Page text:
Known as ‘sea cows’, dugongs are marine mammals that live in the oceans around East Africa to the Western Pacific, but are now listed by the World Conservation Union, IUCN as a species vulnerable to extinction. While legally protected, dugongs face many dangers, largely from local fishing, destruction of habitat and illegal hunting.
“Traditionally, we have had to track these amazing sea creatures from the air, which is expensive and not entirely reliable,” according to Chris Poonian at C3, a non-profit organisation. “Using smartphones to monitor endangered species is an innovative and novel approach. This collaborative project is one of the first initiatives of its kind to employ smartphone technology. If successful, these approaches could have important applications for surveys of rare species throughout the world.
“Citizen science is a growing field to monitor endangered species with limited resources. The smartphone app we are developing and trialing could potentially be used to monitor any species anywhere in the world, and generate useful scientific data from non-specialist observers. It also means we can engage with the local community and involve the fishermen who are the ones out at sea and closest to the dugongs, which is very rewarding.”
Around 30 fishermen have already been handed basic smartphones, supplied by local mobile provider, Cherry Mobile, as part of a trial in the Busuanga region of the country. Once out at sea, the fishermen photograph any dugongs they spot and then upload the images when they are back on land to a central database hosted on the Kii Cloud, using a simple app developed by SEN. The fishermen, many of whom are unable to read or write, are being trained on how to use the smartphones and provided with local charging facilities.
Each image will indicate the location of each dugong via GPS, allowing C3 to map the sightings and get a clear idea of the population in the area, timings of sightings, migration patterns, etc, and will enable the team to put together recommendations for future protection areas. The plan is to share the data with other conservationists worldwide, and also with the local Council of Development to help C3 lobby the local government.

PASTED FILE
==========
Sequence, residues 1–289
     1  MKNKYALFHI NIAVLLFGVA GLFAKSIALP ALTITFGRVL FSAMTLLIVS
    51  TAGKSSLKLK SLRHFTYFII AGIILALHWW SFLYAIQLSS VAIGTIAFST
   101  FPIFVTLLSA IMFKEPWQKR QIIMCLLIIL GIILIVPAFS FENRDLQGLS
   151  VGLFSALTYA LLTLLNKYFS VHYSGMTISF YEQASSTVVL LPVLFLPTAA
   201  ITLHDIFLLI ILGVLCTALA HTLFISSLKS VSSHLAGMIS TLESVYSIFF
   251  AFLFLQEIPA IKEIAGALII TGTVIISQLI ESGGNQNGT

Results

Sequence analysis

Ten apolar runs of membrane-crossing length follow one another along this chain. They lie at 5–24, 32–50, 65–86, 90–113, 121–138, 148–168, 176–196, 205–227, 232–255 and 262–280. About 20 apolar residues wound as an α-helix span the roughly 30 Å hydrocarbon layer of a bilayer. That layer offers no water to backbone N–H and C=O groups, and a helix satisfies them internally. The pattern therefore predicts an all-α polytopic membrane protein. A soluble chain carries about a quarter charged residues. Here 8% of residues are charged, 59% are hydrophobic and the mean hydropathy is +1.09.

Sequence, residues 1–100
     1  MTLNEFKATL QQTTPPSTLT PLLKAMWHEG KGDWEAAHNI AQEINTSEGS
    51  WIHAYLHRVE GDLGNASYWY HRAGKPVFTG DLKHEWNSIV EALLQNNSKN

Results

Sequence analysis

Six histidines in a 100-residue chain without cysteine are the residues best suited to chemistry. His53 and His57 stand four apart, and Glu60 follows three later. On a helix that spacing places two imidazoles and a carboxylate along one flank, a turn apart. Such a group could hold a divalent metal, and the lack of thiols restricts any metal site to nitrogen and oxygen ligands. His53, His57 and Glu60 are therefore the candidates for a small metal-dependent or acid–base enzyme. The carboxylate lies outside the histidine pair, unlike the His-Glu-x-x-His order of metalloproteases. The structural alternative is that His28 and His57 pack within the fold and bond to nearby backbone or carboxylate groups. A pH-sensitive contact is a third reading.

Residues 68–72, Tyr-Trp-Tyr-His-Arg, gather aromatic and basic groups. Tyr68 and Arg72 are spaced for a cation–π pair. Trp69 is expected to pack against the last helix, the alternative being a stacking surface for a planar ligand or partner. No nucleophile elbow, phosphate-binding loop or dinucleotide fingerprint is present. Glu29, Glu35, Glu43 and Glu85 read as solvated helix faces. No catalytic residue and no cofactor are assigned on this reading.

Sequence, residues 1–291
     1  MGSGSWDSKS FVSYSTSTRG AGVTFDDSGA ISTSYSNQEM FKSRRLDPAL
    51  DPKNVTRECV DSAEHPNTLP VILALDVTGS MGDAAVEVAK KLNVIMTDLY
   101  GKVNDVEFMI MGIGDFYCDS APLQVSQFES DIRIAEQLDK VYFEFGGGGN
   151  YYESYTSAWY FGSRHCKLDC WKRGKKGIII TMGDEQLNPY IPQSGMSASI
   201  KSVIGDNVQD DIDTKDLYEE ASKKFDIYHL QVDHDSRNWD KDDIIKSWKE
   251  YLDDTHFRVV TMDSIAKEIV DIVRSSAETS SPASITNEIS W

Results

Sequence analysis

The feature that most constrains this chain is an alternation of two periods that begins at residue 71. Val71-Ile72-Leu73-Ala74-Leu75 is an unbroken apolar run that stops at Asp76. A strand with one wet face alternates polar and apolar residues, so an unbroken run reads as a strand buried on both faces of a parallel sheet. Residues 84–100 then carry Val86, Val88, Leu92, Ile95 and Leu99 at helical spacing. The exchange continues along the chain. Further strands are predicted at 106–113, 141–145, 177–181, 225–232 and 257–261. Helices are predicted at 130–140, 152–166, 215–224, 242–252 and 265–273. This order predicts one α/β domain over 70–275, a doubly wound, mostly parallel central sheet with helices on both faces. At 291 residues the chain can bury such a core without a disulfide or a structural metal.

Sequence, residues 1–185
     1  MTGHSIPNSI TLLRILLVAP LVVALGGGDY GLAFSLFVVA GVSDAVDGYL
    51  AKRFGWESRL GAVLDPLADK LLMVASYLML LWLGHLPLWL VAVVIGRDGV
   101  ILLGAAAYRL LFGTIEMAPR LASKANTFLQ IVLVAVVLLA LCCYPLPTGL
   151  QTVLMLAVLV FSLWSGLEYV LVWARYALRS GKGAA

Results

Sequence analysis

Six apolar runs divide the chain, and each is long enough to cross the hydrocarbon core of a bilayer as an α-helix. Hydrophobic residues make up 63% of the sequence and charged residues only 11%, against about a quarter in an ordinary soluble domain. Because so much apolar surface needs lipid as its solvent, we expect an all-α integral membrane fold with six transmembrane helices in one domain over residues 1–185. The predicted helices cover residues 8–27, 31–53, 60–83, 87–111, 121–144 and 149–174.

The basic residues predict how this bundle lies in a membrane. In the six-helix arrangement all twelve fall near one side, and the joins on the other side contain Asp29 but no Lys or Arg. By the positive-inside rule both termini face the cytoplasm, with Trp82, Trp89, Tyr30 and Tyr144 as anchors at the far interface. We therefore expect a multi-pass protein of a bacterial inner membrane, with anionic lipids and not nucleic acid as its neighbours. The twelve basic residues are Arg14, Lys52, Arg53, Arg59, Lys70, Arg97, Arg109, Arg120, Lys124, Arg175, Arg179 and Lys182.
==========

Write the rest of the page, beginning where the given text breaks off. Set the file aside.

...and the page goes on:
Simon Hodgkinson, founder of SEN, which provides a platform for conservationists and technologists to share ideas, network and develop innovative solutions, believes the idea is a simple but effective one: “New mobile technology and particularly Internet of Things is helping to take the expense and legwork out of conservation, especially in the more remote parts of the world. While this project is in its infancy, the feedback from the local community has been very positive and we are already seeing early results from the data.”
Masanari Arai, founder and CEO of Kii, added: “So often we’re used to seeing our technology delivering benefits for business, but now we’re involved in a truly rewarding conservation project that will deliver benefits for an endangered species. Our relationship with SEN has developed quickly since we met last year, and we’re pleased to be able to support them and collaborate with partners C3 and Cherry Mobile over in the Philippines.”